Abstract Title:

Adherence to the Mediterranean diet is associated with better quality of life: data from the Osteoarthritis Initiative.

Abstract Source:

Am J Clin Nutr. 2016 Sep 28. Epub 2016 Sep 28. PMID: 27680996

Abstract Author(s):

Nicola Veronese, Brendon Stubbs, Marianna Noale, Marco Solmi, Claudio Luchini, Stefania Maggi

Article Affiliation:

Nicola Veronese

Abstract:

BACKGROUND: The Mediterranean diet has positively influenced various medical conditions, but only a paucity of studies has considered the relation between the Mediterranean diet and quality of life (QOL) among people living in North America.

OBJECTIVE: We investigated whether a higher adherence to the Mediterranean diet (aMED) was associated with better QOL and decreased pain, stiffness, disability, and depression in a large cohort of North Americans from the Osteoarthritis Initiative.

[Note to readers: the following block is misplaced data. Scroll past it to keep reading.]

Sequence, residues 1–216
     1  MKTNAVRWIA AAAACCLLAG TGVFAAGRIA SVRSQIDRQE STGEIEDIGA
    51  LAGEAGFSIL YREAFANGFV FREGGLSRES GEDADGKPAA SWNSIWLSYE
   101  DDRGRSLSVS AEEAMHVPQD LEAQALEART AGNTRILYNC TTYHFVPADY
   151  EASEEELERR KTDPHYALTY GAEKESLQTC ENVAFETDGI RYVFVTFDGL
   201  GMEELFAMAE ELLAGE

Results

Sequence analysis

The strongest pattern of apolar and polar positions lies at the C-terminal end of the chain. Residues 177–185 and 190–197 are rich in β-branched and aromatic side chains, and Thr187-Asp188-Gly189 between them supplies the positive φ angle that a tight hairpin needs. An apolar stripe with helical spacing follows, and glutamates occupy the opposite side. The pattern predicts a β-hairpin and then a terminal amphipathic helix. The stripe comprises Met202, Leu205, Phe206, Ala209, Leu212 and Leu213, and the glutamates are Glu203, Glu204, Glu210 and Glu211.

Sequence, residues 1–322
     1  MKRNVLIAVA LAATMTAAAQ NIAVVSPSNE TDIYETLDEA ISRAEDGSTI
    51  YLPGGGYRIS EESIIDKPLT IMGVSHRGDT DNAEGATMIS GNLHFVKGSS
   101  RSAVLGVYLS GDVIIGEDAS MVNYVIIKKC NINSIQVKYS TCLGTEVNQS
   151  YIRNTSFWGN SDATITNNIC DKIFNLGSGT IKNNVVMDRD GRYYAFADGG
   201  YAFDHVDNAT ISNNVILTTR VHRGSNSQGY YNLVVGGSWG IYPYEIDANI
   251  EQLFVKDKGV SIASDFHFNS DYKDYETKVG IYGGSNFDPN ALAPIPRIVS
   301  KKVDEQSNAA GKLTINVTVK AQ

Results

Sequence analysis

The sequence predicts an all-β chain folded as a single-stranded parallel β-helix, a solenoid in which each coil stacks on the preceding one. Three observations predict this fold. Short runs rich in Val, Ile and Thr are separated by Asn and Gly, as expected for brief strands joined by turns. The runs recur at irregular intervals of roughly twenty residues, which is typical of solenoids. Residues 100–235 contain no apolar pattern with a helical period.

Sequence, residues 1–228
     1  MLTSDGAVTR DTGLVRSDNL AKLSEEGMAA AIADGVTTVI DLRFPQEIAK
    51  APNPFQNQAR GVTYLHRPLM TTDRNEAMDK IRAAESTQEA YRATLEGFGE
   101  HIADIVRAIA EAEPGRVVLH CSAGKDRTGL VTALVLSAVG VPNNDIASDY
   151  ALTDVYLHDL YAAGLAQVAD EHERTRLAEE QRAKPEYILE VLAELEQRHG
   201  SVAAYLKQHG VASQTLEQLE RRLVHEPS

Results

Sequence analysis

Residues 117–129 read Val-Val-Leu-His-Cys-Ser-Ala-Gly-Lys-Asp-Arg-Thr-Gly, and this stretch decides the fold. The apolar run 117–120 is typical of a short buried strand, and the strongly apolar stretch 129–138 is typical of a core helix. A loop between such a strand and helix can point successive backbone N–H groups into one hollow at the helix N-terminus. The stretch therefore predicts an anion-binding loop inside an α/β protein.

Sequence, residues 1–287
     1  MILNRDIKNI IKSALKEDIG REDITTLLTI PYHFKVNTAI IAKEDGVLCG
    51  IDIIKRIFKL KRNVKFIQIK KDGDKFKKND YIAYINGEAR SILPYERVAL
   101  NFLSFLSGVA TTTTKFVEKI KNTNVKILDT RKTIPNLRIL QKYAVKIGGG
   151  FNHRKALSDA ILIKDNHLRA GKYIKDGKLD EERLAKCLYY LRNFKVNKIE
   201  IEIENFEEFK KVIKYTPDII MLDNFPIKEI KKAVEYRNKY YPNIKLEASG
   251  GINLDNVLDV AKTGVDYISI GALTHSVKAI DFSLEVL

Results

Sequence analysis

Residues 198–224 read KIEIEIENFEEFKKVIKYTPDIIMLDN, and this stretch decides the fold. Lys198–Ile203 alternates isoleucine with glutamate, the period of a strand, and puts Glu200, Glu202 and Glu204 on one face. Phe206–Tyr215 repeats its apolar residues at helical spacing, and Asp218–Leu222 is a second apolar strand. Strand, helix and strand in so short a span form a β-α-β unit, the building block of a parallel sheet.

DESIGN: aMED was evaluated through a validated Mediterranean diet score categorized into quintiles. Outcomes of interest were QOL [assessed with the 12-Item Short-Form Health Outcome Survey (SF-12)]; disability, pain, and stiffness [assessed in both knees with the Western Ontario and McMaster Universities Arthritis Index (WOMAC)]; and depressive symptoms [assessed with the Center for Epidemiologic Studies Depression Scale (CES-D)].

RESULTS: Of the 4470 participants (2605 women; mean age: 61.3 y), those with a higher aMED had significantly more favorable scores on all outcomes investigated (P<0.0001 for all comparisons). After adjustment for potential confounders in linear regression analyses, a higher aMED was significantly associated with a higher SF-12 physical composite scale value (β: 0.10; 95% CI: 0.05, 0.15; P<0.0001), lower WOMAC scores (except for stiffness), and lower CES-D scores (β: -0.05; 95% CI: -0.09, -0.01; P = 0.01). An adjusted logistic regression analysis, taking as reference those in the 2 highest quintiles of the aMED score, confirmed these findings.

CONCLUSION: Higher aMED is associated with better QOL and decreased pain, disability, and depressive symptoms. This trial was registered at clinicaltrials.gov as NCT00080171.

Study Type : Human Study

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